Want a green card? They'd staple one to your diploma. - Macleans.ca

Want a green card? They’d staple one to your diploma.


A bipartisan groups of U.S. senators today unveiled a proposal for comprehensive immigration reform. Most of the attention is focused on the fact that they would create a pathway to citizenship for the millions of undocumented immigrants in the U.S.

But of particular interest to Canada may be a provision that was first proposed by Mitt Romney during the presidential campaign: awarding automatic permanent residence (including the right to work in the U.S.) to students who earn advanced degrees in certain fields at U.S. universities.

The senator’s “framework” says:

The United States must do a better job of attracting and keeping the world’s best and brightest. As such, our immigration proposal will award a green card to immigrants who have received a PhD or Master’s degree in science, technology, engineering, or math from an American university. It makes no sense to educate the world’s future innovators and entrepreneurs only to ultimately force them to leave our country at the moment they are most able to contribute to our economy.

I wrote about this when Romney first proposed it. Some analysts say the move could create a new challenge as Canada competes for skilled immigrants around the world — and seeks to keep its own skilled labour at home:

A policy of automatic permanent residency to foreign students would have “fairly large implications for Canada,” which has sought to attract skilled workers from around the world by taking steps to help foreign students settle permanently in Canada after graduation, says Christopher Warwick, an immigration economist at Carleton University. For foreign students choosing between the U.S. and Canada, “the knowledge that you could get permanent residency and a path to citizenship makes the U.S. more attractive,” he says.

It could also mean more Canadian students would seek to study and stay in the U.S., sparking a “brain drain.” Already, the largest source of foreign-born, masters and PhD students in the U.S. come from Canadian schools, says Don DeVoretz, an economics professor emeritus at Simon Fraser University who specializes in immigration. “This,” he says “would accelerate it.”

Worth watching this one.

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Want a green card? They’d staple one to your diploma.

  1. This will infuriate Americans who’ve seen Bill Gates and other business people push for more green cards for years…..on the grounds they simply can’t find qualified Americans.

  2. I think its obvious what would I prefer sunny California or freeze my behind off winters

  3. What makes “An American university”? Does it have to be one physically based in the US? Or does it mean a university that’s accredited by one of the American accrediting groups?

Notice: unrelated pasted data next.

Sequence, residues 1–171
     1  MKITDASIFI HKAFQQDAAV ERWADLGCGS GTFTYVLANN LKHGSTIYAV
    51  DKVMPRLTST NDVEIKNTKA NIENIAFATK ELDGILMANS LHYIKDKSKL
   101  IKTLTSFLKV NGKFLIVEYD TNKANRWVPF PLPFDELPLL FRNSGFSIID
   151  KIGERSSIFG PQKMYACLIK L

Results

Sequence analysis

Because at least one Canadian university is also accredited in the US as well as Canada.

    • Well their accreditation system, like their whole education system is a mess….so I’m not surprised Americans aren’t qualified for a lot of the jobs.

      I would think most of our universities would be acceptable there. What one were you thinking of?

      • Athabasca University has received formal accreditation from the Middle States Commission of Higher Education.

        And while if you’re looking for jobs there with random companies, most degrees from Canadian Universities will probably be just fine, jobs with gov’t agencies or that require professional certification down in the US usually require a degree that can be verified as from a US accredited institute.

        • Gawd….and their system is so bad otherwise!

          Goodness knows they take our doctors readily enough

          • You have no idea what you are talking about. I am Canadian. Did undergrad in Canada and two grad degrees at top tier schools in the US. The facilities here are amazing. World class.

          • ‘The facilities here’….where? Canada or the US?

            Um…world class? Define world class.

            The US has fallen behind….does so more each day. Everyone is alarmed about it. So there’s no need to slobber.

    • Physically present in the United States. Both the institution and the student.

      • Bummer. Thanks for the info though!

  4. “It could also mean more Canadian students would seek to study and stay in the U.S., sparking a “brain drain.”

    Don’t really see why since there are already no barriers for Canadian citizens with STEM degrees in terms of working in the US. You get offered a job and you get a TN visa under NAFTA. And given the number of jobs requiring science and engineering PhDs available in the States compared to those available in Canada we already have a significant brain drain.

  5. Let me see… SFU or Berkley..? UBC or Stanford..?
    I am outta here, Canada. You can keep Winter, the HST, and Quebec.